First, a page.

It was the spring of 1966 when we first heard the rumor through the post grapevine. But we didn’t believe it. Helen Hayes? Coming here—to Korea? Impossible.
For the preceding six months, as program director of a U.S. service club at the base in Pusan, Korea, I had come to admire the indefatigable efforts of a people struggling to overcome postwar hardship and rebuild a nation. But cultural life at the base had been strictly starvation rations: an occasional showing of Beach Blanket Bingo or some Japanese science fiction flick.
But the rumor was true, and gradually, in bits and pieces, we learned more. Miss Hayes was to give a reading of selected scenes from Shakespearean plays at a university in Pusan. Our Special Services officer arranged for our attendance, and on a cold and raw April evening five GIs and I, feverish with anticipation, set off for the program.
The performance hall was bare concrete—a narrow, unheated cave. We could see our breath as we took our seats. In the front, on a small podium, were a lectern and a table. In orderly rows of battered straight-backed chairs hundreds of male Korean university students waited, respectful and silent. The GIs and I were embarrassed when an insistent official led us to seats—obviously reserved for us—at the front. Then we waited—for ten, fifteen minutes. The silence and our prominent position made us increasingly uncomfortable. Finally, a quiet murmur rippled through the room and all eyes turned as a door near the podium opened.
There was no applause at her entrance, just respectful stares. Dressed in a wool plum-colored suit with no makeup and her gray hair tied up in a bun, she looked like someone’s misplaced maiden aunt or a retired schoolteacher who had somehow gotten lost on an educational tour. Her nose was red, and, as she reached for her handkerchief, I remember thinking, What kind of people would force a sick old lady out on a night like this? She announced her program in a flat, croaking voice with several hesitations and repetitions. She was obviously ill at ease and that made me even more so. And then —she opened her script.
Suddenly her spine and shoulders straightened and her head went up. The voice took on a different timbre and a new strength; I could almost feel the power surging up through her body into her face and hands. I stared, fascinated, as a look of lovesick longing came into her eyes.
“Make me a willow cabin at your gate …”
As she launched into that famous speech of Viola’s from Twelfth Night , her body swayed gently with yearning and, somehow, mine did too.
“Holla your name to the reverberate hills, “And make the babbling gossip of the air “Cry out,‘Olivia’! …”
As her hand reached out toward her beloved, so did mine. We were, both of us, transformed, transported to another place, another time, filled with passion and lyricism. As the speech ended, I wanted to jump up and shout, but, controlling myself, I remained seated and applauded politely with the others.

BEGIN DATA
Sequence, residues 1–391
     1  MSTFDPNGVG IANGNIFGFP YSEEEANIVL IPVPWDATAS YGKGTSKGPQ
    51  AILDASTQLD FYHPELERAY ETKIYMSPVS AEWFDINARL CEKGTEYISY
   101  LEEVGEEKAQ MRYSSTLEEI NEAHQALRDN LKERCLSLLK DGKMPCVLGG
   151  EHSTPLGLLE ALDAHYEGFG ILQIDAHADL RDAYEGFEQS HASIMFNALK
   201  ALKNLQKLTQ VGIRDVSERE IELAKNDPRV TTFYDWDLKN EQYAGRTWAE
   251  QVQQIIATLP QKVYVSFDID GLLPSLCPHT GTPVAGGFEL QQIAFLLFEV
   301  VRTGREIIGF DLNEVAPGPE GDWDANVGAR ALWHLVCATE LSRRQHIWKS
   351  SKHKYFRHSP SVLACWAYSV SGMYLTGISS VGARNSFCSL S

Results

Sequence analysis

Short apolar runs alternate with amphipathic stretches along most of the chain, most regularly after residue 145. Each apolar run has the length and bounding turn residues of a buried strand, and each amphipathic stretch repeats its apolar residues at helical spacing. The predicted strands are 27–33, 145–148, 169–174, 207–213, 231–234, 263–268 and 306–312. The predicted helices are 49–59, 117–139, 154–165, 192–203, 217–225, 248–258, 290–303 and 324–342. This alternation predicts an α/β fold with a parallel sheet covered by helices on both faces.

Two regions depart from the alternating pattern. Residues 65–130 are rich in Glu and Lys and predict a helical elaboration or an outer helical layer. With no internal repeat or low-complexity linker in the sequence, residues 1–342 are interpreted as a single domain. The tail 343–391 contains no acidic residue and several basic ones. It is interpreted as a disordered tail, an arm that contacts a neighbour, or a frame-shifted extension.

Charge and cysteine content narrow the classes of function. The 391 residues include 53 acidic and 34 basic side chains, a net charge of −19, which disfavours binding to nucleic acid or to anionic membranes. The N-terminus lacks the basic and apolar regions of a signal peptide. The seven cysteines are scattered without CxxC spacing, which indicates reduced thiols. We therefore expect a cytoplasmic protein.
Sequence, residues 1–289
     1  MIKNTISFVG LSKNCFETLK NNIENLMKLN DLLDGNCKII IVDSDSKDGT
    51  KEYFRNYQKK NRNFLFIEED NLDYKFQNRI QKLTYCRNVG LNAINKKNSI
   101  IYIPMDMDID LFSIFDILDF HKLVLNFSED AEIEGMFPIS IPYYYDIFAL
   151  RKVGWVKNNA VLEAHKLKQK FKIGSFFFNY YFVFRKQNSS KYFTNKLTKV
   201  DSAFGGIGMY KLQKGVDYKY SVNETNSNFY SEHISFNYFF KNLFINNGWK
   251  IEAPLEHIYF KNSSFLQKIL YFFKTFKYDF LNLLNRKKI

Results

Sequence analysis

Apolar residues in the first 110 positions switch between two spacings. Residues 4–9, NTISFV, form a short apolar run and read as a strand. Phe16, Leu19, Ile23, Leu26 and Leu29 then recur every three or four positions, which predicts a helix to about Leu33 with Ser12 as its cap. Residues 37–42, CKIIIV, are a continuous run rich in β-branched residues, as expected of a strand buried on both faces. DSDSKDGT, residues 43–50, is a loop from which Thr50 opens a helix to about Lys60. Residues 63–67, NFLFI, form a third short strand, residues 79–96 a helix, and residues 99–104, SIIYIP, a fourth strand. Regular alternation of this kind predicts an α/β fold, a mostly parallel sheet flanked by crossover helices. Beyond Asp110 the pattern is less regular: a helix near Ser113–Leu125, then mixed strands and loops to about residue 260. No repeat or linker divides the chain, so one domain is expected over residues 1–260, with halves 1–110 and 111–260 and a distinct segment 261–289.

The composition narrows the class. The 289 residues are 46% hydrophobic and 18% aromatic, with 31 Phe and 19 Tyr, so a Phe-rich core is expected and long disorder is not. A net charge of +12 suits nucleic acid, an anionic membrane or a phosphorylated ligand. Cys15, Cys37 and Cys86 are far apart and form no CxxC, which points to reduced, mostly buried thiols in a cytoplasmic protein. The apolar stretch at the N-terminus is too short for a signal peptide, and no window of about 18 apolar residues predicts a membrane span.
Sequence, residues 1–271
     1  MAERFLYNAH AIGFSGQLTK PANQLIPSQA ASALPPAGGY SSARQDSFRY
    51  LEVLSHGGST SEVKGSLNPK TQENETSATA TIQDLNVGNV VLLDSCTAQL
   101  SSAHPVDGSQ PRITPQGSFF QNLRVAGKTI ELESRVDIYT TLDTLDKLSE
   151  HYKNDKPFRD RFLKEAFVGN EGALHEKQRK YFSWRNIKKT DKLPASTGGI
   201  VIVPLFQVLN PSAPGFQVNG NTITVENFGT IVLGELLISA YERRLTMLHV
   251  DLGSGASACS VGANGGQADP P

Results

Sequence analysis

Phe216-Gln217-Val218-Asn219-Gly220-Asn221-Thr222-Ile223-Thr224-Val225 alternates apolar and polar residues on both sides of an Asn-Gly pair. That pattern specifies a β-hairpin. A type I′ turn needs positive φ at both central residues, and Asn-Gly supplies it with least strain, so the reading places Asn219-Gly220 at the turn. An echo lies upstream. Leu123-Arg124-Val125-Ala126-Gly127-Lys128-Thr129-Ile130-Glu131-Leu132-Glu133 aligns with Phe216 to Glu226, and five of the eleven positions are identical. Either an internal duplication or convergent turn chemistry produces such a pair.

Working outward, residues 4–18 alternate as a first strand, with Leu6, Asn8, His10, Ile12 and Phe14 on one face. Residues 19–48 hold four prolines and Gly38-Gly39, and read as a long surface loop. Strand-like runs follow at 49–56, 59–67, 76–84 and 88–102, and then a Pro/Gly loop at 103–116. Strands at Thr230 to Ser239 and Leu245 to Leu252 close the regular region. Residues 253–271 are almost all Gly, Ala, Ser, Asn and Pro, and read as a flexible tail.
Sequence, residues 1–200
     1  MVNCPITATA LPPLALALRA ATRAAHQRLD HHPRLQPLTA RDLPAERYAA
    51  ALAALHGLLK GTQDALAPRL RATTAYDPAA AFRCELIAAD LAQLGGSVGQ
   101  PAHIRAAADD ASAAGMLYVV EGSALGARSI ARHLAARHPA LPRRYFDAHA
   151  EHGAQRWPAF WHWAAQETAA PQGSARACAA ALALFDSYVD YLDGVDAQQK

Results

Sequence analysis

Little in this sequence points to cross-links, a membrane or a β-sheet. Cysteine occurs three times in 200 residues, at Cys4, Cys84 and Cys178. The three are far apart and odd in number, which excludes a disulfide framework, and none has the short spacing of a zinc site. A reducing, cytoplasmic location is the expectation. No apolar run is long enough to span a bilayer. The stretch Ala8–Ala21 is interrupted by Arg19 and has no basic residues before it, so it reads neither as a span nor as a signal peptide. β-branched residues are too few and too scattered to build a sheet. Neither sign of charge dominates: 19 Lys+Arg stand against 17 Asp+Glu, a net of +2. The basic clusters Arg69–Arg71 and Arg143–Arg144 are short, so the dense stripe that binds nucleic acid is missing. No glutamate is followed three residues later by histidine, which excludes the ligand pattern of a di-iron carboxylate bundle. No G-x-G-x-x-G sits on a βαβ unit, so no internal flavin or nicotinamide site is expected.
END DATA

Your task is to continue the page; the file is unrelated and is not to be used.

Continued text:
After a brief pause, her small body became tense and regal and her eyes took on the despair and grief of a bereft queen.
As she read Queen Elizabeth’s lament for her murdered children from Richard III , I found myself stealing glances at the rows of expressionless faces behind me. Their rubber shoes rested carefully on the cement floor so as not to squeak, and their caps were placed respectfully in their laps. But—did they get it? The speech ended and there was another round of polite applause.
Then, with ribald glances and a roll-your-eyes directness, Miss Hayes launched into Kate’s final speech from The Taming of the Shrew . I became aware that, though the GIs and I were laughing uproariously with almost every line, the rest of the audience remained attentive, earnest, and silent. We exchanged uneasy glances, but after a few minutes of toning it down, we made a decision. This time, cultural sensitivity had to be put on the back burner. We were simply having too much fun. Besides, how often do you get to see a performance by the First Lady of the American Theater from less than six feet away?
Then, suddenly, it was over. As the GIs turned to leave and Miss Hayes, flanked by her Korean hosts, was poised to depart, I hesitated. Should I? Swallowing hard, I approached the podium and began to mumble some words of thanks.
“Miss Hayes, we’d like to …”
But I was cut off as she wheeled away from her hosts and, stretching her arms out toward us, cried out, “Oh, my dear, thank God you were here! I don’t know what I would have done. …” Her words trailed off as the six of us stood there, stunned, speechless. She was grateful to us?
She was very tired, and after a few more polite comments, excused herself and turned to go. A moment later, she was gone, leaving a tiny group of shocked and delighted Americans behind her.— Jill Johnson is now working in the Peace Corps in Morocco .